The year 1953 is remembered for several political events which altered the course of Tamil Nadu politics. At the newly formed Dravida Munnetra Kazhagam's (DMK) Trichy district conference in April 1953, C. Annadurai declared a symbolic agitation against ‘northern bania exploitation’ of the Tamil people. The demand was for Dalmiapuram – named after Ramkrishna Dalmia, a cement tycoon from the north who had set up a cement plant in the town – to be changed to its original name of Kallakudi.This agitation would become the first front of the DMK’s three front agitation. MGR’s formal association with the DMK also began in 1953 when he joined the party. That year Periyar went on an idol breaking spree to drive home his point that there was nothing special in the clay idols or no sanctity to them.
Kula Kalvi Thittam
But what rocked and roiled the state of Tamil Nadu in the summer of 1953, more than any of these events, including Periyar’s destruction of idols, was the Modified Scheme of Elementary Education introduced by the Madras Presidency’s Congress government led by Rajaji (C. Rajagopalachari). At the time, only half of school-going age children were enrolled and 60% of them were likely to drop out before five years were up. To fix this problem, the Rajaji government’s new education policy halved the school day for children aged between six and eleven. The scheme proposed the introduction of two shifts or sessions in elementary schools. The first session would have regular teaching and in the second session students would be sent home to learn about their parents' occupation. Schools could thus double their intake by having classes in the morning and afternoon. But by making students learn their family occupation in the two hours saved, Rajaji had stirred up a hornet’s nest. The policy came into effect on June 18, 1953. Before its implementation, Rajaji had not even consulted his own cabinet or members of the legislative assembly. In his defence, he said: “Did Shankara or Ramanuja announce their philosophy after consulting others?’
But Rajaji was no Shankara or Ramanuja and he realised it very soon. Rajmohan Gandhi, Rajaji’s biographer and grandson, wrote in his book 'Rajaji: A Life', "the (scheme’s) seeming validation of the caste system killed it in its infancy and ended Rajaji’s chief ministerial career".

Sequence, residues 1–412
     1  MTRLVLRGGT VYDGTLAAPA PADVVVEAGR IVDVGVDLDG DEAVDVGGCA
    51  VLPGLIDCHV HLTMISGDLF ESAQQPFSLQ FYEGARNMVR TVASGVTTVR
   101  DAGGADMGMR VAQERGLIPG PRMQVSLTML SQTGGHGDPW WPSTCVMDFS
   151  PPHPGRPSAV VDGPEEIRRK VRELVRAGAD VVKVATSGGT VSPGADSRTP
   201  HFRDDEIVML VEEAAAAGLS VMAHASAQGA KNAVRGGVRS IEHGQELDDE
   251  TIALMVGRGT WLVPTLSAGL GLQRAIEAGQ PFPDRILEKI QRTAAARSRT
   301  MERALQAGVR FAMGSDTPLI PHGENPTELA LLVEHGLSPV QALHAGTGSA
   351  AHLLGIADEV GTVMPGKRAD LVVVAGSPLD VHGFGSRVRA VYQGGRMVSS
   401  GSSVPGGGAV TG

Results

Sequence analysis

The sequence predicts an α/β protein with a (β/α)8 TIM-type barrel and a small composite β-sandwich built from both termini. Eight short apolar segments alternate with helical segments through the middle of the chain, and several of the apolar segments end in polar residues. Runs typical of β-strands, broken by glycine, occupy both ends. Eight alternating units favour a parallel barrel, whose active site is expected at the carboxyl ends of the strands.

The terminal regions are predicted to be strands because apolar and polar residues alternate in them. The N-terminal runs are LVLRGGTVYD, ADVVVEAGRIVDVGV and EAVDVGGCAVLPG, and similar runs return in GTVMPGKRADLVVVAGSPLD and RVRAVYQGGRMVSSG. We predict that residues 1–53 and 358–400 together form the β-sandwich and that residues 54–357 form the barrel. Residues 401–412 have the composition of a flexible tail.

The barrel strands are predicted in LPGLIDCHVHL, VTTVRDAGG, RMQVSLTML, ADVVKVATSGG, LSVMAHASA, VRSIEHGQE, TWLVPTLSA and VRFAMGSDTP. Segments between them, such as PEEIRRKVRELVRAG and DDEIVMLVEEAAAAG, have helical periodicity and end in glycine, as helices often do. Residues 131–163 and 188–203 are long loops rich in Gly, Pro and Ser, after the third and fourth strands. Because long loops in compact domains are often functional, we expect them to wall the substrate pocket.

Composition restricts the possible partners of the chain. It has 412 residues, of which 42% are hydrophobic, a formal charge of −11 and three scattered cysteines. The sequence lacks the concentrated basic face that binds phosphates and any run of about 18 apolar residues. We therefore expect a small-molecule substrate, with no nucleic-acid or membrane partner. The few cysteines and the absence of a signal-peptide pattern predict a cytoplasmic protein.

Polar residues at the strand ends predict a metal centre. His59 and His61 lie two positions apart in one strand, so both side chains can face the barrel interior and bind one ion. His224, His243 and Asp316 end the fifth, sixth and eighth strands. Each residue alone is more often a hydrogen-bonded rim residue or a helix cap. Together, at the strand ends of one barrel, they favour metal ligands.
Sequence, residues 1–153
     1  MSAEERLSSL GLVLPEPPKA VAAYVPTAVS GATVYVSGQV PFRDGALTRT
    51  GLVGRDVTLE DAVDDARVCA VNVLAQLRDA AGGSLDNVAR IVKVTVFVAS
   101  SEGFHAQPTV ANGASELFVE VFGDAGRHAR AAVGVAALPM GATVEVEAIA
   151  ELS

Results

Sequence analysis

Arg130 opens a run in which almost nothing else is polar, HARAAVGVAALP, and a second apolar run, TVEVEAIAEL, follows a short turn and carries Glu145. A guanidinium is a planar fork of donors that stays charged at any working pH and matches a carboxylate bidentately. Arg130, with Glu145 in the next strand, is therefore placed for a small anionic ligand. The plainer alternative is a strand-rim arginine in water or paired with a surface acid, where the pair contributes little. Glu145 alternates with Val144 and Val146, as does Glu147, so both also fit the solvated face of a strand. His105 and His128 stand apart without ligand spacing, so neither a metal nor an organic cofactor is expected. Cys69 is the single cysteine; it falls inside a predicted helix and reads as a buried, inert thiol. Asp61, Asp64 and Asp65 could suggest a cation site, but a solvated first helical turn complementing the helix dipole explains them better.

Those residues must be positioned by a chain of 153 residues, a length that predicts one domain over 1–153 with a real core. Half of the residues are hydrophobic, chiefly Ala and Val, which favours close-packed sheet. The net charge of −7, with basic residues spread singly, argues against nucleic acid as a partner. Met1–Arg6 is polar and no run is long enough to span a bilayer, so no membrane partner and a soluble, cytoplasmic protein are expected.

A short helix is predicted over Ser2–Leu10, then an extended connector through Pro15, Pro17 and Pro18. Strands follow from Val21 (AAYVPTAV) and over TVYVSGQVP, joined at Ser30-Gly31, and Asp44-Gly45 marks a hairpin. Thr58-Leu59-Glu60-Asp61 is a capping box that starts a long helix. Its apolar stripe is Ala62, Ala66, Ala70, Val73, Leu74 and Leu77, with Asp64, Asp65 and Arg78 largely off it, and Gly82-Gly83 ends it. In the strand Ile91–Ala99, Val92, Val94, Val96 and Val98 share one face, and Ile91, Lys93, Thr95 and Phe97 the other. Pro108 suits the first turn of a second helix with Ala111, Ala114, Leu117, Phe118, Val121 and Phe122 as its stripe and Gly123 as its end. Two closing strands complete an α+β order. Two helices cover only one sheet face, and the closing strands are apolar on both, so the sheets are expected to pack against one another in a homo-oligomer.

According to Rajaji’s scheme, most non-Brahmin students would learn low-wage skills like farming, barbering, laundering and shoemaking for half-a-day while most Brahmin students would spend the time on “white collar skills'' leading to higher paying jobs which had already been dominated by Brahmins for years. Opponents of the scheme denounced it for as a reconstruction of the Hindu caste system (as most occupations were caste based) aimed at fortification of the Varnashrama.
The Dravidar Kazhagam led by Periyar and the then newly-formed DMK vehemently opposed the policy, calling it "Kula Kalvi Thittam" (caste based policy). Realising the potential for the new educational scheme’s political mobilisation, the fledgling DMK made opposing it the third of its fronts in the Three Front Agitation. The protests that swept the state forced Rajaji to step down. His successor, Kamaraj, lost no time in withdrawing the controversial scheme. Not only did these events significantly alter the course of Tamil Nadu politics, but also had a lasting impact on the state’s education policy. Successive governments in Tamil Nadu have since then religiously followed the principle of ‘universal education’ or ‘education for all’. The results showed on the ground; by the early 1950s Tamil Nadu became the first state to start a primary school every three kms and a high school every five kms. Realising the importance of primary education, Kamaraj as the CM opened over 12,000 schools across the state, most of them in rural areas. Efforts were also made to open a school in every village that had a population in excess of 300 people. Kamaraj’s contributions towards strengthening the public education system earned him the moniker of 'Kalavi Vallal' (benevolent educator). Building on this work, during the chief ministership of Muthuvel Karunanidhi, the government of Tamil Nadu set itself an ambitious target of opening an elementary School for every km, an upper primary school for every three kms, a high school for every five kms and a higher secondary school for every seven kms.